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2010 May 08 — Why Now?
On-line Opinion Magazine…OK, it's a blog
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Gas Attack

The AP filed a story based on interviews with survivors from the Deepwater Horizon. It matches what was said in the earlier firsthand account that I linked to, with one important difference concerning the gas.

The AP referred to the gas as methane [CH4], which is the major component of natural gas. The problem is that the survivor was very specific about the gas that caused the explosion settling on the platform. Methane is lighter than air and would rise, not settle.

There are many different types of gas in an oil well, while the majority is methane, there is also a possibility of propane [C3H8], which is normally generated during the refining process, but does exist in wells. Propane [AKA LP or bottled gas] is heavier than air and is the most probable culprit.

Both are colorless, odorless gases. The “gas odor” is an additive to make people aware of their presence. The difference may seem minor, but when you are looking at the cause of 11 deaths, and how to prevent another fatal accident the small things can be important. Possibly a propane detector and some way of blowing the propane away from the rig could have averted the first explosion.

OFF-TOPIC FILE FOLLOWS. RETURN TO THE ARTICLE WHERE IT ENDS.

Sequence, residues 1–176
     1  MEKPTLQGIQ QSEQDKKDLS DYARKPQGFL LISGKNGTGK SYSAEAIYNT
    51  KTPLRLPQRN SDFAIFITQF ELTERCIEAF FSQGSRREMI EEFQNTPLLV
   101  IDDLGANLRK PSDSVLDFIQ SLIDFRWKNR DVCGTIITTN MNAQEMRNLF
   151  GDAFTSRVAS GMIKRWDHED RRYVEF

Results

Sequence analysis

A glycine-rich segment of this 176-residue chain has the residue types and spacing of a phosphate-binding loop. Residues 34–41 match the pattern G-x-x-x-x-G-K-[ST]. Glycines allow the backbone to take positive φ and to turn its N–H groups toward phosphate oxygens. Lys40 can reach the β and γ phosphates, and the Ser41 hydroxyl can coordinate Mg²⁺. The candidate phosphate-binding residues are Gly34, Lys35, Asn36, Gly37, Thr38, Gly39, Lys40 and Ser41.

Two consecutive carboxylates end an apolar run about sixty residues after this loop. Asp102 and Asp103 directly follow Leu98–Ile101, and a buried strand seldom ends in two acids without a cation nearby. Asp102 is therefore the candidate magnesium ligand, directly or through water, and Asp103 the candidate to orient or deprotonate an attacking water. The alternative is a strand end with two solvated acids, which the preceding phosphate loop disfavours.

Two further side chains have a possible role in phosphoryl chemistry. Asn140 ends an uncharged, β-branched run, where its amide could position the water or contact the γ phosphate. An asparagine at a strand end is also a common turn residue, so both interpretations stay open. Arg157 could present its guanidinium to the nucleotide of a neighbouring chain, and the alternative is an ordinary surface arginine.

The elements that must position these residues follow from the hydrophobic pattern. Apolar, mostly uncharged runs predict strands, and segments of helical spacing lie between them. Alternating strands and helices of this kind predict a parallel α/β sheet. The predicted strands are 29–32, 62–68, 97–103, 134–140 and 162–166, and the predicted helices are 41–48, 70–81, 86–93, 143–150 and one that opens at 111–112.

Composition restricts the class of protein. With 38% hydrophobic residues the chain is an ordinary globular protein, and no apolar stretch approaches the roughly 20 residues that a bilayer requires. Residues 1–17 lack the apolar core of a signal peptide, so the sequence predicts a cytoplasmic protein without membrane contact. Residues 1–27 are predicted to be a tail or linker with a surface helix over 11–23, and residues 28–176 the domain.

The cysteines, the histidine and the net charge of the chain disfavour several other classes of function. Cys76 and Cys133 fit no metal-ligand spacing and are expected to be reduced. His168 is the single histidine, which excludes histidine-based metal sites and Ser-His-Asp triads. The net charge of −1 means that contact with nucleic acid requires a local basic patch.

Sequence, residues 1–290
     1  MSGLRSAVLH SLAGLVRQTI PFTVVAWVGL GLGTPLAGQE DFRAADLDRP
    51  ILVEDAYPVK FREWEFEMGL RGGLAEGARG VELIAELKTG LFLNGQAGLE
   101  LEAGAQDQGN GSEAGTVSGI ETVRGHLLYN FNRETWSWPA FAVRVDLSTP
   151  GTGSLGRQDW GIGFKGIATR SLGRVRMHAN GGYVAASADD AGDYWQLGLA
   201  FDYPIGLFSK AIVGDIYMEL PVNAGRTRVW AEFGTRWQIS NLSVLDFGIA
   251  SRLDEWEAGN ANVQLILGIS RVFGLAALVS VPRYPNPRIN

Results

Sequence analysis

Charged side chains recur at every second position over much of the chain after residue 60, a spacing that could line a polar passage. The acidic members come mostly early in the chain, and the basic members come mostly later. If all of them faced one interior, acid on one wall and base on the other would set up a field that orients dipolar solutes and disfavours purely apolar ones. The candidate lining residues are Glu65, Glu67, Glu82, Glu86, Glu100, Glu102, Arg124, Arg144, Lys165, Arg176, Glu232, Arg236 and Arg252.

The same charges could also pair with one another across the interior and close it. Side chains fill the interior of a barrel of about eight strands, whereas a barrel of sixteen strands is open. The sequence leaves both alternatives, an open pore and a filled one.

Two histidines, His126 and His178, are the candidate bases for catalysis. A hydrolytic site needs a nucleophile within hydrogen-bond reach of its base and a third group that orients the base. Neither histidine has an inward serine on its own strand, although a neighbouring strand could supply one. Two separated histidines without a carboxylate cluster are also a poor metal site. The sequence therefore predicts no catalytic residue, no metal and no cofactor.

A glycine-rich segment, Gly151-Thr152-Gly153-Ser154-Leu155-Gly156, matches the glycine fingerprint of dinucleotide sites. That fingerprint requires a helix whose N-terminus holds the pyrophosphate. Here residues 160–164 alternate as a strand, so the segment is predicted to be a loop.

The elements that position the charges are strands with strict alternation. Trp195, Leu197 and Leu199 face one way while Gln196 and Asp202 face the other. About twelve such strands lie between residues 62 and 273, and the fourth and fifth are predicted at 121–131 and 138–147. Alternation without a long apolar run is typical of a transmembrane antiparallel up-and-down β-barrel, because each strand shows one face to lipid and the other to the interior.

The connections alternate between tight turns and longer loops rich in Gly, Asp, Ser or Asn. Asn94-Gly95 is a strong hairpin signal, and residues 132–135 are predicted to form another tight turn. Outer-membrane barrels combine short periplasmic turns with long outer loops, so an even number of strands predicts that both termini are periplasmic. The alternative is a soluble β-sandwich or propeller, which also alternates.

May 8, 2010   Comments Off on Gas Attack

Concrete Ice Maker Doesn’t Work

Do ice cubes float? Does your refrigerator and air conditioner work by compressing gas and then allowing it to expand?

McClatchy reports on the latest BP screw-up Gulf oil spill setback: First effort to place dome falls short

A mammoth white containment dome placed over a leaking oil well 5,000 feet below the surface of the Gulf of Mexico had to be moved away from the well Saturday after ice-like crystals clogged the massive steel-and-concrete box.

The buildup of crystals also made the box too buoyant, BP chief operating officer Doug Suttles said.

“I wouldn’t say it failed yet,” he said. “What I would say is what we attempted to do last night didn’t work.”

This is why I wanted the pipe already connected so the oil flow wasn’t constrained in any way. The oil is being pushed out of the well by gas pressure. When the pressure is reduced by exiting the broken pipe, the gas expands, drawing heat to itself as it expands, the process used for refrigerators.

Update: Hydrate crystals are ice crystals with something trapped in them, in this case gas, like a methane slushy. In ancient times when Cokes were a nickel and kept in water filled coolers with ice floating, you often saw the process when you opened the bottle, ice crystals formed around CO2.

May 8, 2010   Comments Off on Concrete Ice Maker Doesn’t Work

When Will They Ever Learn?

McClatchy reports that Since spill, feds have given 27 waivers to oil companies in gulf

WASHINGTON — Since the Deepwater Horizon oil drilling rig exploded on April 20, the Obama administration has granted oil and gas companies at least 27 exemptions from doing in-depth environmental studies of oil exploration and production in the Gulf of Mexico.